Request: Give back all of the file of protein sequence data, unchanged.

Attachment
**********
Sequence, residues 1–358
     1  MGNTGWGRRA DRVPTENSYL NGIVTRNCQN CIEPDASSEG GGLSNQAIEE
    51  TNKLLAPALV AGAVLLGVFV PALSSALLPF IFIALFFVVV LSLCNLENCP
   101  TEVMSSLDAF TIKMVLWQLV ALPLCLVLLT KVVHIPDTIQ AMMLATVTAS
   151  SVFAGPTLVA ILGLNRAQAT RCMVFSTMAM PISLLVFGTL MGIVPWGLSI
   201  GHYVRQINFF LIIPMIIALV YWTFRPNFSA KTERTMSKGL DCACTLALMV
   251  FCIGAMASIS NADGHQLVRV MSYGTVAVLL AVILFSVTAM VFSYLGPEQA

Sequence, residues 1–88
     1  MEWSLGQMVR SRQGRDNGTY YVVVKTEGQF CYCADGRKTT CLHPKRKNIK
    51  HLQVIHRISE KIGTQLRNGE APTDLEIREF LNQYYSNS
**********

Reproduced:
Sequence, residues 1–358
     1  MGNTGWGRRA DRVPTENSYL NGIVTRNCQN CIEPDASSEG GGLSNQAIEE
    51  TNKLLAPALV AGAVLLGVFV PALSSALLPF IFIALFFVVV LSLCNLENCP
   101  TEVMSSLDAF TIKMVLWQLV ALPLCLVLLT KVVHIPDTIQ AMMLATVTAS
   151  SVFAGPTLVA ILGLNRAQAT RCMVFSTMAM PISLLVFGTL MGIVPWGLSI
   201  GHYVRQINFF LIIPMIIALV YWTFRPNFSA KTERTMSKGL DCACTLALMV
   251  FCIGAMASIS NADGHQLVRV MSYGTVAVLL AVILFSVTAM VFSYLGPEQA

Sequence, residues 1–88
     1  MEWSLGQMVR SRQGRDNGTY YVVVKTEGQF CYCADGRKTT CLHPKRKNIK
    51  HLQVIHRISE KIGTQLRNGE APTDLEIREF LNQYYSNS